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Implanon Reviews Could Steer Women Away From the Birth Control Device

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Santa Cruz, CAWomen seeking a long-term birth control solution have probably heard about the implantable birth control device Implanon. However, if they somehow missed the news of Implanon lawsuits and rely on reviews at online health forums, what they find may steer those women away from using Implanon.

For example, at the popular health information website Everyday Health, reviews from Implanon users give the implantable birth control device an overall score of only 2.5 out of a possible 5-star rating.

Implanon is a matchstick-sized metal rod that is inserted beneath the skin of a woman's upper arm. Once implanted, the device slowly releases the hormone etonogestrel (synthetic progestin) over a period of around three years before the Implanon rod is removed.

Implanon inhibits the risk of pregnancy by stopping the ovaries from releasing eggs. Implanon also increases the amount of cervical mucous, which makes it more difficult for sperm to enter the womb.

The women writing reviews on Everyday Health complain of acne breakouts, weight gain, mood swings, angry outbursts and loss of sexual desire, among other alleged side effects, while admitting that Implanon did in fact keep them from getting pregnant.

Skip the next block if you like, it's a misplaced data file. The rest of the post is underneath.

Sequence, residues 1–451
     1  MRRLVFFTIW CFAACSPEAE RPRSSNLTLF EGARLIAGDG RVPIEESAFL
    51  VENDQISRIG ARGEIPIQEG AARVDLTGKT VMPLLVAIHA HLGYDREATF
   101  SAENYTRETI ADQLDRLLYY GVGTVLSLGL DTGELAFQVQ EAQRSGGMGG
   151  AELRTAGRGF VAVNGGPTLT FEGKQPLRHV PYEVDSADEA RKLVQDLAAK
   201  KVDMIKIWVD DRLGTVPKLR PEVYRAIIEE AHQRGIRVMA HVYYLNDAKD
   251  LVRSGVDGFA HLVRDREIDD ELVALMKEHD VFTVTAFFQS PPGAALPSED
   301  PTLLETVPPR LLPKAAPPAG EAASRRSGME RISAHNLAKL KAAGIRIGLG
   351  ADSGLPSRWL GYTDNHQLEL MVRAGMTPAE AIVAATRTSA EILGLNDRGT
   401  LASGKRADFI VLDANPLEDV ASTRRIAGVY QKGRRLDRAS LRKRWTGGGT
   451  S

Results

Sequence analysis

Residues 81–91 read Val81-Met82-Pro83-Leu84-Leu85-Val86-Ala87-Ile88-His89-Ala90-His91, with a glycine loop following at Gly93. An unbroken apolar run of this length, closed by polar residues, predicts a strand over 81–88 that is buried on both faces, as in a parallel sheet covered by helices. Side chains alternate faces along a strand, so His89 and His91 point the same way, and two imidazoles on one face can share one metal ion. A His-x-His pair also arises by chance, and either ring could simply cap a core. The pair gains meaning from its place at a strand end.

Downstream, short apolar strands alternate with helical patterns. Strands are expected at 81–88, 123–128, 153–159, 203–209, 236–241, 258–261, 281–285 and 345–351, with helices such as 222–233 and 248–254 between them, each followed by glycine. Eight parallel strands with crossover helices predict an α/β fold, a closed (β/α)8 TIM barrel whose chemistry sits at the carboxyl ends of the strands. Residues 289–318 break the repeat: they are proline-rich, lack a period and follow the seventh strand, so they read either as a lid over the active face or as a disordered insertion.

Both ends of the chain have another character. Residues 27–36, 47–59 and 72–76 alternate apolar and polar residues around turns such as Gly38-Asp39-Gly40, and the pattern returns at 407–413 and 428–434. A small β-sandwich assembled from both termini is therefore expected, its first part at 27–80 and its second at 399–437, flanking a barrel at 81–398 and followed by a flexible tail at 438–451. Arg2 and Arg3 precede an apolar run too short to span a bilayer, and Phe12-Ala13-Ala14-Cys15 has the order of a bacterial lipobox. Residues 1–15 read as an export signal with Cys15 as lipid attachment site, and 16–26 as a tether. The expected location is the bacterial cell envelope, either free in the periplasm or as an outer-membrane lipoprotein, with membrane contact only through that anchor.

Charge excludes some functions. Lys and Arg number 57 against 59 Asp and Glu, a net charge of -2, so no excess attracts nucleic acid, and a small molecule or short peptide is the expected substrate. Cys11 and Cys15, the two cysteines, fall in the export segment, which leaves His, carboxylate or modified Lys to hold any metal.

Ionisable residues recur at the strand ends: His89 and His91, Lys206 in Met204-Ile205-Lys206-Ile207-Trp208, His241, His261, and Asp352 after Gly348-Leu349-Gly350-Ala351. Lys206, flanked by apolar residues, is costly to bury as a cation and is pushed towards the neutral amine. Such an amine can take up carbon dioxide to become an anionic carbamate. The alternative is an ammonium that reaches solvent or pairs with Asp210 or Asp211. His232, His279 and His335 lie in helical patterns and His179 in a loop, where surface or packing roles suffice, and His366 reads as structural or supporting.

The US Food and Drug Administration approved Implanon in July 2006. Since then, Implanon has been used by around 500,000 women in the US, and the birth control device has a 99% effective rate at preventing pregnancy for up to three years.

However, Implanon has also been linked to serious health risks, including blood clots in the leg (deep vein thrombosis) and migration.

In March 2016, the FDA released a safety warning for Implanon (etonogestril) implants due to reports of the device migrating from its insertion point in the arm to other parts of the body.

According to the FDA's warning:

"Expulsion or migration of the implant have been reported, including to the chest wall. In some cases, implants have been found within the vasculature, including the pulmonary artery. . . In cases where the implant has migrated to the pulmonary artery, endovascular or surgical procedures may be needed for removal."

In March 2015, two women alleged in a federal lawsuit Brook Reynolds et al v. Merck Sharp & Dohme Corp. et al Case No. 3:15-cv-397, Northern District of Ohio, Western Division that their Implanon device migrated and couldn't be located by doctors despite surgical attempts.

"To date, plaintiff still has the lost Implanon somewhere in her body," an attorney for Brook Reynolds claims in the lawsuit. Another plaintiff in the suit, Ruby Ginns, makes the same claims.

According to the lawsuit: "As a result of their lost, irretrievable and irreversible implants, plaintiffs also each suffer the threat of future infertility, ectopic pregnancy, the inability to stop a drug-related adverse event, neural and vascular damage and other potential injuries."

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